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GMO soybean oil found to cause diabetes, obesity at higher rate than sugar

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(NaturalNews) Soybean oil is more likely to induce diabetes and metabolic syndrome than pure fructose, according to a study conducted by researchers from the University of California-Riverside and published in the journal PLOS ONE.

"That was a surprise, given that most people think that unsaturated fatty acids are supposed to be healthy," lead author Poonamjot Deol said.

The study was designed to evaluate different types of fat in comparison with sugar to determine how they increase the risk of the cluster of symptoms known as metabolic syndrome. These symptoms -- central obesity, high fasting blood glucose, high triglycerides, high blood pressure, and low HDL ("good") cholesterol -- are associated with a significantly increased risk of diabetes and cardiovascular disease.

Saturated fats are the healthiest type

The researchers fed mice one of four diets. The first two diets derived 40 percent of their calories from fat to approximate the typical U.S. diet. In the first of these, all of the fat came from coconut oil, which is mostly saturated fat. In the second one, half the fat came from coconut oil and half came from soybean oil, which is mostly polyunsaturated fat. This second diet was similar to the amount of soybean oil consumed in the average U.S. diet.

The other two diets contained the same amount of calories and roughly the same volume of food, but some of the fat was replaced with fructose in levels similar to that consumed in the average U.S. diet.

The fructose diets were the highest in sugar, so the researchers believed that mice on these diets would add more body fat and develop more insulin resistance. Indeed, the mice on the fructose diets gained about 12 percent more weight than those on the saturated fat-heavy coconut oil diet.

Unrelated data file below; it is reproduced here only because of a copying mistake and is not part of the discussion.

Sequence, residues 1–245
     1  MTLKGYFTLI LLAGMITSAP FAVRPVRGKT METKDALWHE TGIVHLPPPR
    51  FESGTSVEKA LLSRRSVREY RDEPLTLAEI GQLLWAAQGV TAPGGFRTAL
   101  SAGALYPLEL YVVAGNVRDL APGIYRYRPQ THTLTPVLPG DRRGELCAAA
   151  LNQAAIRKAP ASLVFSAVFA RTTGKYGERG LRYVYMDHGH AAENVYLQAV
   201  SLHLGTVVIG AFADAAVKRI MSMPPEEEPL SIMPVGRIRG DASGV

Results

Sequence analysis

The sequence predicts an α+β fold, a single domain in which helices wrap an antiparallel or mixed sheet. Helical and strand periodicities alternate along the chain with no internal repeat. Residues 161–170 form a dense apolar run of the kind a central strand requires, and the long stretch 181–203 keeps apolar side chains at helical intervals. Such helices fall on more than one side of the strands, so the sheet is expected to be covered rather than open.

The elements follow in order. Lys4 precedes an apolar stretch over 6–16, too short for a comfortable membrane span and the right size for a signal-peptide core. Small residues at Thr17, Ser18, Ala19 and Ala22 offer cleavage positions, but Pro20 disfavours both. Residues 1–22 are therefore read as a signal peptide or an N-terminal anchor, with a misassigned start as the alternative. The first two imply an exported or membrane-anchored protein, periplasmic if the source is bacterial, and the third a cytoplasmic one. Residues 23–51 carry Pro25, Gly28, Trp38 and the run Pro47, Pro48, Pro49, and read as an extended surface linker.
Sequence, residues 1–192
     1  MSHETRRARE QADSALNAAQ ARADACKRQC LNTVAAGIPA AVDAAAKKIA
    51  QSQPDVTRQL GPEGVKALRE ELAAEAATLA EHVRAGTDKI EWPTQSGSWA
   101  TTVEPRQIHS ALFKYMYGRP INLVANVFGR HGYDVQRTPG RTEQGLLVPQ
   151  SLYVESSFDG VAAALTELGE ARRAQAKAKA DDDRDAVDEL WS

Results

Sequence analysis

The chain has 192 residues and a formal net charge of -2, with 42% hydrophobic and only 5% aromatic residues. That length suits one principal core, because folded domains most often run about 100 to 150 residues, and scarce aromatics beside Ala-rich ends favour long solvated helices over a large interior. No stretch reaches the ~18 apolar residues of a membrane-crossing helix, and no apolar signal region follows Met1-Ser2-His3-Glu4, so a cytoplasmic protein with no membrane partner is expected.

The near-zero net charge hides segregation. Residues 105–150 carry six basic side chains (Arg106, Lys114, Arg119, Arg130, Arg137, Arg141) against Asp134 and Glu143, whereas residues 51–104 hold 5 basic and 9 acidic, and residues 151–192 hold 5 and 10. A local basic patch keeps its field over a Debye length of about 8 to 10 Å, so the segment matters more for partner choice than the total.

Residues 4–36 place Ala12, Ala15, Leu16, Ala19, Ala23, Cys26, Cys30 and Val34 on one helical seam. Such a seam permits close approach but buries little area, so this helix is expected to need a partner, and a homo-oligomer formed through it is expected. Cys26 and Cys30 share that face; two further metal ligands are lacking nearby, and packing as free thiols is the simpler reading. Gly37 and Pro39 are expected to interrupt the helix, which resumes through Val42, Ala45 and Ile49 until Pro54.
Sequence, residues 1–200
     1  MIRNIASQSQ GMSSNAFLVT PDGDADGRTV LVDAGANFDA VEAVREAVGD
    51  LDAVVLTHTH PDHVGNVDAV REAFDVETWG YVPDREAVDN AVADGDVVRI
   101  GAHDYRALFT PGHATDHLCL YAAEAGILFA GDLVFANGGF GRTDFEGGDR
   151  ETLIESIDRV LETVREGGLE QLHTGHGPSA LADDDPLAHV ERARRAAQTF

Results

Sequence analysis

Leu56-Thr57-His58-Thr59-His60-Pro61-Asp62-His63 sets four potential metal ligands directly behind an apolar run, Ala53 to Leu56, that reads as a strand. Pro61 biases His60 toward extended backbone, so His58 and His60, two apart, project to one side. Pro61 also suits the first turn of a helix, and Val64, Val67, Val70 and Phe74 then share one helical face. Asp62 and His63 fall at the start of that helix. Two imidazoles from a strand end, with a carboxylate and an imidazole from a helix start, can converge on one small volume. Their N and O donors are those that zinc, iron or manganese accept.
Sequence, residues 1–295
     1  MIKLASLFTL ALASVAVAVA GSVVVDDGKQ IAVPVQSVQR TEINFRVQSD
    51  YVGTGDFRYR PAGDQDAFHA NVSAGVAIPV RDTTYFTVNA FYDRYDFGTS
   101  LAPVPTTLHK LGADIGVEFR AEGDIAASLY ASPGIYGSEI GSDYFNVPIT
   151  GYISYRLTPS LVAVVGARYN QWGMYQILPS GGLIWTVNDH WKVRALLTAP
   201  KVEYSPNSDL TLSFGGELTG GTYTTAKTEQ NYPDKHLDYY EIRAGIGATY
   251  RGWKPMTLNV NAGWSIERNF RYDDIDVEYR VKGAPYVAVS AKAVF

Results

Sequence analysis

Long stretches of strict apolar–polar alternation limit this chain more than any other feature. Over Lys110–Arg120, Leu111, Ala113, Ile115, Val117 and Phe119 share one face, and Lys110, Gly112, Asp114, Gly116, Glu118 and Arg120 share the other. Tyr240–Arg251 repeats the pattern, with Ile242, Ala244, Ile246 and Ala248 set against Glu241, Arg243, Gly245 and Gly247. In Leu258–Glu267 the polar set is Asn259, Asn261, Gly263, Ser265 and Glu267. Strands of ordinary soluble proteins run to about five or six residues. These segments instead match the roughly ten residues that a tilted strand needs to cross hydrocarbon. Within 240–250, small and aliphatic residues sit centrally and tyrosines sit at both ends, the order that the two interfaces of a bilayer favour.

However, the surprising finding was that mice on the soybean oil, fructose-free diet actually gained 9 percent more weight than the mice on the fructose diet and 25 percent more weight than mice on the coconut oil diet. The mice on the soybean oil diet also had fattier livers and higher insulin resistance than mice on the coconut oil or fructose diets.

"We've actually tested corn oil, and we found that it was also causing more obesity than coconut oil, but not as much as soybean oil. We haven't tested canola yet," Deol said.

GMO connection?

In order to help uncover the causes of any changes observed, the researchers also performed an in-depth analysis of gene expression and metabolism in all four groups. They found that soybean oil caused changes in the expressions of genes regulating not just how the liver processes fat but also how the body metabolizes various foreign chemicals, including drugs and environmental toxins.

Another possible cause for the observed effects of soybean and corn oil -- although not one mentioned by the researchers -- is the genetic modification of those foods. Fully 89 percent of U.S. corn acreage and 94 percent of U.S. soy acreage is now modified to resist various herbicides, primarily Roundup (glyphosate). Studies have shown that genetically modified organisms (GMOs) can have metabolic effects; in addition, GMOs are sprayed with much higher levels of herbicides, leading to higher levels of endocrine-disrupting herbicide residue on foods.

For those hoping to cut soybean oil (GMO or not) out of their diets, the best thing to do is cut back on processed and restaurant foods. That's because soybean oil has become ubiquitous in the U.S. food supply; it now accounts for 60 percent of U.S. oil consumption.

"It's so prevalent in our food system. If something says vegetable oil, it's most likely soybean oil, or soybean oil is a component," Deol said.

Sources for this article include:

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